Already in 1906 Percival Lowell sensed the presence in the solar system of a large planet in a very external orbit, which would disturb the movement of the planets Uranus and Neptune, which were not understood based on the masses of the remaining planets.
Lowell named it Planet X, with X from unknown and not number 10 in Roman, among other things because Pluto was not discovered until 1930, so the planets were 8. This sparked a lot of debate during the late 19th century and early twentieth.
Although later scientific advances were able to explain the anomalies in the movement of Neptune and Uranus, the subsequent discoveries of transneptunian objects put the existence of a new planet, called Planet 9, back in fashion.
In 1984 the Nemesis hypothesis arises that postulates that planet 9 is actually a failed star, a brown dwarf, with an orbit hundreds of times greater than that of Pluto.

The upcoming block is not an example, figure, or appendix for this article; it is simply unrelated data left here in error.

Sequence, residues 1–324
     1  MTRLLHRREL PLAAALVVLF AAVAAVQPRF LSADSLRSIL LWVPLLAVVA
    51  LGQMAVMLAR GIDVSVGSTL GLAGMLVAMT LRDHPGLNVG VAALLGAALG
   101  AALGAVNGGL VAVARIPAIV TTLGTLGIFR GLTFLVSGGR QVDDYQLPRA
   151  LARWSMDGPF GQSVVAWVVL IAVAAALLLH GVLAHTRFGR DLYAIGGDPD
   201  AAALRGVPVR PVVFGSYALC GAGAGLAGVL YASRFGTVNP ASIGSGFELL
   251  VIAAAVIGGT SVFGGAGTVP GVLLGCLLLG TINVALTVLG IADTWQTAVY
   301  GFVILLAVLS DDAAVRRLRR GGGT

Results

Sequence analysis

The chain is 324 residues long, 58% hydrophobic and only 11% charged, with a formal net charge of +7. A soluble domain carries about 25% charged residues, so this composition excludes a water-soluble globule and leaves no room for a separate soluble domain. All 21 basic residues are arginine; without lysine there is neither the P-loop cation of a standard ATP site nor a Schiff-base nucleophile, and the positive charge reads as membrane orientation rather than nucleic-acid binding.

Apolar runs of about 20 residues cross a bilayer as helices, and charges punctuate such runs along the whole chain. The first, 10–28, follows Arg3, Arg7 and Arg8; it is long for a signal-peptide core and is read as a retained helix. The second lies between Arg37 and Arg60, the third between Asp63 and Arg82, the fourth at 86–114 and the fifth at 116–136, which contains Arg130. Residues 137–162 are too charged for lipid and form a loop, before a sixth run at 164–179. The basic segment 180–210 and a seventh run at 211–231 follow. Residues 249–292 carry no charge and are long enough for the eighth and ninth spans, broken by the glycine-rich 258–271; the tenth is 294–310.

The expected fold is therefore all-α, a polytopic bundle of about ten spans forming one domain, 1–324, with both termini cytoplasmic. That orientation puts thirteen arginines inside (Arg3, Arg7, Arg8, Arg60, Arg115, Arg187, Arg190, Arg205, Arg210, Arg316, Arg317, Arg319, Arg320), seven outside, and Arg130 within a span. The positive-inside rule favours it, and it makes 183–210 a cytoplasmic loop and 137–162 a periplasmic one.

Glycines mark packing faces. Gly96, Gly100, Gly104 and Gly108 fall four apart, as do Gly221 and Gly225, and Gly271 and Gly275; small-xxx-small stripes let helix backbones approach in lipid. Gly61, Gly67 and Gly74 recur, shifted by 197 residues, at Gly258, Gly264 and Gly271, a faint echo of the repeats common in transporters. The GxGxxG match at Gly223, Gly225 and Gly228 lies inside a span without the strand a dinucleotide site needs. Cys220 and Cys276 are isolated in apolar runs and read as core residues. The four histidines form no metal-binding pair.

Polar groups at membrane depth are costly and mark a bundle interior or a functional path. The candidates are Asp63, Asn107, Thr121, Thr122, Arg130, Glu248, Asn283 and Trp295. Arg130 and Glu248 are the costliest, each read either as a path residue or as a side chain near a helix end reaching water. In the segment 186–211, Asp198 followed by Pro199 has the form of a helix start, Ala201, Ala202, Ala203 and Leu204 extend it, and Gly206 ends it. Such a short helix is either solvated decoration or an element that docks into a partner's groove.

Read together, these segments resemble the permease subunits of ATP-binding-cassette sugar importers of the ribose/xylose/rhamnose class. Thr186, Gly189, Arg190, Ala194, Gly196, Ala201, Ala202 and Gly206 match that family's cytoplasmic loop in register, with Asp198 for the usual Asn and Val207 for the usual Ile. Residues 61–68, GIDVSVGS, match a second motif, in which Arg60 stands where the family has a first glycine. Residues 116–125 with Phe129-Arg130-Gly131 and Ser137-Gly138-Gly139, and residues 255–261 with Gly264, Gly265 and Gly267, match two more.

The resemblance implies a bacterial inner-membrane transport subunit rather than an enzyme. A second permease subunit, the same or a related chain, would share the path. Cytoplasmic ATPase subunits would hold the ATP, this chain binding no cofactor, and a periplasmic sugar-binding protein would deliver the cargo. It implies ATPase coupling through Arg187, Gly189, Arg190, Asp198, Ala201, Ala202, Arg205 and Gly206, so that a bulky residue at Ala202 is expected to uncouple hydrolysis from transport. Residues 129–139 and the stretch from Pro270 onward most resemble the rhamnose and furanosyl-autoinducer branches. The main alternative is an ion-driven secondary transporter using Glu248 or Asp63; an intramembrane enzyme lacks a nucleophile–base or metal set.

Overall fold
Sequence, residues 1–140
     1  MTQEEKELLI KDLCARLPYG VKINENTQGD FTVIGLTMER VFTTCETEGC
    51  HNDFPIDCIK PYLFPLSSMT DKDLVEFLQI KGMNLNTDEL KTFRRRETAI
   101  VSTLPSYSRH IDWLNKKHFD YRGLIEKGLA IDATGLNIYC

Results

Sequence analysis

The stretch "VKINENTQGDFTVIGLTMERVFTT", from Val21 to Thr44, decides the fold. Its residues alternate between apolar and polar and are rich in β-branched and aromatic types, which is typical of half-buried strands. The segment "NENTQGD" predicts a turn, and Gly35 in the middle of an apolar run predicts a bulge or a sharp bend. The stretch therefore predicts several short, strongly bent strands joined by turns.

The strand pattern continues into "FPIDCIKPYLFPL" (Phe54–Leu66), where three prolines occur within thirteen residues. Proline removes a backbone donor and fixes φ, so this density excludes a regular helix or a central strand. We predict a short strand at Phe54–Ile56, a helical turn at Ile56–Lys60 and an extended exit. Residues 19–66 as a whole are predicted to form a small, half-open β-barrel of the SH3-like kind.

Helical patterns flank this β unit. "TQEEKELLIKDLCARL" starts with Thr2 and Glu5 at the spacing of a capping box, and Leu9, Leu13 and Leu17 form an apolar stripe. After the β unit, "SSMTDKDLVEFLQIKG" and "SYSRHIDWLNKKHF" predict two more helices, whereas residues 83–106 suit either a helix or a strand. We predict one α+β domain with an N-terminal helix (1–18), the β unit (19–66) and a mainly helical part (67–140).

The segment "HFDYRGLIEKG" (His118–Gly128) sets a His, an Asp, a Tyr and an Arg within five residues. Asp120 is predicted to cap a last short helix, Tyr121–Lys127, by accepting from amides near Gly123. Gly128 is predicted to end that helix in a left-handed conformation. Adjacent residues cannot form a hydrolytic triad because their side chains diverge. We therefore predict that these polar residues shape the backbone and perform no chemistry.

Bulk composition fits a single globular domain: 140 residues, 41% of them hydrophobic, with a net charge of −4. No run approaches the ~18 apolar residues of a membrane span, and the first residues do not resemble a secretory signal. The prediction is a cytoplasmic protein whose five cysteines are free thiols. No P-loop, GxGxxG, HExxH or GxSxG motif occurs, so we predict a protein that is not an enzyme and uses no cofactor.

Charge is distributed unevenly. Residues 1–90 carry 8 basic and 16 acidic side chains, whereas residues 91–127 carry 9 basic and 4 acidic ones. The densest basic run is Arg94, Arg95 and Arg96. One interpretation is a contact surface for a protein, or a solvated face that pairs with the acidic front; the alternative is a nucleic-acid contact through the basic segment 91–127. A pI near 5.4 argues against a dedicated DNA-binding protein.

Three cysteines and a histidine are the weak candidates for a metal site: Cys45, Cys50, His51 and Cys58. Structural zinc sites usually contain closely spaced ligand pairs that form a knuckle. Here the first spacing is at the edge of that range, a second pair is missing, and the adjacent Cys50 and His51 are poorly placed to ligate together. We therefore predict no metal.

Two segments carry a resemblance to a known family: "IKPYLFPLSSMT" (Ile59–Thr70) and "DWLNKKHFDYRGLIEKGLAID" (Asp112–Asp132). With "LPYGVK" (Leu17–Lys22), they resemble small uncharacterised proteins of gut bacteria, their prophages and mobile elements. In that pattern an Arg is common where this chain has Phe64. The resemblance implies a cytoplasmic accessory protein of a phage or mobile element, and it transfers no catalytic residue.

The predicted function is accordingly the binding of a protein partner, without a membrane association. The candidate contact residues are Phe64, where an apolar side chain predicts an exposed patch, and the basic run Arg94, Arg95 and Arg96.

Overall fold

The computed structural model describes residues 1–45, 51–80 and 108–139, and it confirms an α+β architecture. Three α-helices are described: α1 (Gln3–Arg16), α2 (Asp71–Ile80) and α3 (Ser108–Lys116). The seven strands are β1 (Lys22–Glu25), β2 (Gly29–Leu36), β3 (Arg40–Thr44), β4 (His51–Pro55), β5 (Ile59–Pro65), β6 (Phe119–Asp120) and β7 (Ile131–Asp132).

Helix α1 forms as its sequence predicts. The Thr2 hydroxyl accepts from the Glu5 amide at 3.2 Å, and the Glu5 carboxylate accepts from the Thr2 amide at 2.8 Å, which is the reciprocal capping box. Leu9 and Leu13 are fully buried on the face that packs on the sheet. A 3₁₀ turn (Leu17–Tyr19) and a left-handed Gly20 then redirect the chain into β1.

Even the most creative have associated this planet with the planet Nibiru, from which the Anunnaki would come, gods who according to Sumerian mythology, would be the creators of the human race some 450,000 years ago.
Well, to settle all this, a group of scientists have set out to solve the issue once and for all, demonstrating that, in reality, planet 9 is nothing more than a black hole in our outermost solar system.
To demonstrate this, scientists from Harvard and the "Black Hole Initiative" intend to use the LSST (Legacy Survey of Space and Time) telescope, which will come into operation in Chile in 2022.
In order to locate this black hole, scientists will try to detect the light flashes that some objects in the Oort cloud can produce, when they are engulfed by the black hole.
The Oort cloud is an enormous envelope of the solar system formed by frozen objects that, when passing near the black hole, would be absorbed by it, emitting some flashes in its destruction.
Versión en español